Very few players in sports history have earned the title “iconic.” Derek Jeter, current New York Yankees shortstop and 13-time MLB All-Star, is one of those players.

Jeter is iconic to the city of New York, the biggest and brightest sports market in the world. He’s iconic to every player who’s ever had the privilege of calling him a teammate. Iconic even to his sworn enemies, the Boston Red Sox, after nearly two decades of heated divisional races and historic playoff duels.

Jeter is a model athlete in the truest sense of the word. He is the centerpiece of a franchise that some would argue is the proudest and most accomplished not only in the sport’s history, but in the history of sports itself. Jeter is a five-time World Series champion — how many players can say that? — and, since his 1995 debut, has earned just about every other accolade in the book.

He’s surpassed the likes of Lou Gehrig, Babe Ruth, Micky Mantle and Yogi Berra to become the Yankees’ all-time leader in hits. And he’s done it all with the same winning smile that earned him the admiration of every baseball fan, young and old, years ago.

So naturally, when sports analyst Skip Bayless publicly and forcefully brought up a possible link between Jeter and performance-enhancing drugs back in August on “ESPN First Take,” I found myself in a state of denial.

Baseball, at least as much as any other sport, has had its share of shocking stories and falls from grace — see Pete Rose or the 1919 World Series. But most of us never expected Jeter to be tarred with a similar brush.

The remarks were met with shock by Bayless’ on-air adversary, Stephen A. Smith, and a lighthearted but nonetheless affected response from Jeter himself.

“Maybe Skip should be tested,” he joked.

It must be said that Derek Jeter has never been a power hitter by major league standards. His season-high home run total came in 1999, when he blasted 24 over the fence, and even that is modest compared with league leaders.

Entering 2012, Jeter’s yearly long-ball production had dropped every year since 2004 — with the exception of 2009. For most players, “power numbers” decline as a product of aging, but such a trend goes out the window when dealing with a non-power hitter.

As of Sept. 10, Jeter has 15 homers on the year, two and a half times his 2011 total. It is his highest production since 2009 and the second highest since 2005. With over 20 games remaining, that number will likely inch even higher.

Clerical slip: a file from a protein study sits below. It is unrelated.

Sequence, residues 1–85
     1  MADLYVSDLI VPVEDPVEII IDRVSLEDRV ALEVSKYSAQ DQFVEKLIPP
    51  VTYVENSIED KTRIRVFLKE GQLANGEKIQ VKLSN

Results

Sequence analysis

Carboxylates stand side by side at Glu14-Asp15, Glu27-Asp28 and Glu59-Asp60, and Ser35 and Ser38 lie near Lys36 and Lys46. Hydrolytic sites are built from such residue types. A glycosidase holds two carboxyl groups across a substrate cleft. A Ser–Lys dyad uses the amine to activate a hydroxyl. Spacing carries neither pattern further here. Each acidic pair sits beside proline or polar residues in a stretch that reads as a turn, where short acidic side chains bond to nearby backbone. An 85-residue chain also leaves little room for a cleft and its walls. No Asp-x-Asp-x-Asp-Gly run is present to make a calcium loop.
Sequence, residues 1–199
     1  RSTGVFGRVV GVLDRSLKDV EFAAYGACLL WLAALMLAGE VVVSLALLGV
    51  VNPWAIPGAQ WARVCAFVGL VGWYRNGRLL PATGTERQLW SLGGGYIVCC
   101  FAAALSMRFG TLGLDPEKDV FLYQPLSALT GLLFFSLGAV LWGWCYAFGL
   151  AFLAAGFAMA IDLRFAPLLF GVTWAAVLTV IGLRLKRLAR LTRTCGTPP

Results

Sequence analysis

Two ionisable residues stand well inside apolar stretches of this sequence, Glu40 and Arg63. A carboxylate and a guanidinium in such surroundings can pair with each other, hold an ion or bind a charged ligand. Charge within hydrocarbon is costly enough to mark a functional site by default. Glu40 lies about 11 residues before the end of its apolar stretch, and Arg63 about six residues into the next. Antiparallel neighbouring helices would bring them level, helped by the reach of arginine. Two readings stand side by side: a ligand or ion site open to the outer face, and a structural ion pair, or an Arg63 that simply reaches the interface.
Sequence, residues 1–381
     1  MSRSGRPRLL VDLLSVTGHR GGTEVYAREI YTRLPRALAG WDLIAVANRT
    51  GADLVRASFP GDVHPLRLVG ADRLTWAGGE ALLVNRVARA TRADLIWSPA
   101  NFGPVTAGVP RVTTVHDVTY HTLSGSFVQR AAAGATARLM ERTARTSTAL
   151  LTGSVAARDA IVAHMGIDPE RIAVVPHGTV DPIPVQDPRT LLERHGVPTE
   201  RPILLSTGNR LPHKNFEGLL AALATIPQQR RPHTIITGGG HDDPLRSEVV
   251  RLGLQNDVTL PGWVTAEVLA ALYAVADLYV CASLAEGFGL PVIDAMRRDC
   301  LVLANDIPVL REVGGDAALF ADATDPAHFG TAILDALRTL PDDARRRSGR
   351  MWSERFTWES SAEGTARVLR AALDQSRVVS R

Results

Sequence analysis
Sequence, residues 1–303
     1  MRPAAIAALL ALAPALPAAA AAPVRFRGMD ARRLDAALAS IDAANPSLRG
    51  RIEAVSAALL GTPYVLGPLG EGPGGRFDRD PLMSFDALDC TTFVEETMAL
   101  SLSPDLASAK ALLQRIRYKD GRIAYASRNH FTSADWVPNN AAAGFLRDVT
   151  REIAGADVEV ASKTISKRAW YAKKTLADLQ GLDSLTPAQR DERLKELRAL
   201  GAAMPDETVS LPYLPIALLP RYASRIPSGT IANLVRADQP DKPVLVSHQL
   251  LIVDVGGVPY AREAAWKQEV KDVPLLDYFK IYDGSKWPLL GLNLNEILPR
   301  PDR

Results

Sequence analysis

The steroid era has put baseball in an ominous light. Some of the game’s biggest names over the last quarter-century have admitted to illegal substance use: Barry Bonds, Mark McGwire, Sammy Sosa, Rafael Palmeiro and Jose Canseco all come to mind.

These, however, are just the players whose naming in the infamous 2007 Mitchell Report was publicized because of their home-run tallies. A further look at the list actually reveals a good number of players whose styles of play resemble Jeter’s. That being the case, then, can an argument be entertained on the remote possibility that Derek Jeter did, in fact, disobey league rules and take HGH or another PED?
Common logic says to run tests and decide the matter once and for all. Yankees’ fans and Jeter supporters would argue to the contrary.

To single one man out in such an investigation displays a unique suspicion and distrust of a player who is supposed to represent everything good and clean about sports. Simply testing Jeter, regardless of the outcome, would tarnish his reputation; in other words, testing Jeter would be Commissioner Bud Selig’s coming out and saying, “Let’s just make sure.”

Jeter, if any professional athlete ever was, is beyond “let’s just make sure.” His stoic reaction to Bayless alone likely put the argument to rest in many people’s minds.

What lifelong Yanks’ fans and Jeter obsessors need to understand is that, beyond the pinstripes and incessant gum-chewing, Derek Jeter is only a human being. In an era when scandals like the one at Penn State have shaken our faith in the most deified figures, we cannot say that Jeter is beyond suspicion.

Still, as the foundations of our legal system remind us — and as Smith retorted to Bayless — Jeter is innocent until proven guilty.

Matt Bell is a freshman in the McDonough School of Business. FRESH OUT OF PHILLY appears every Friday.

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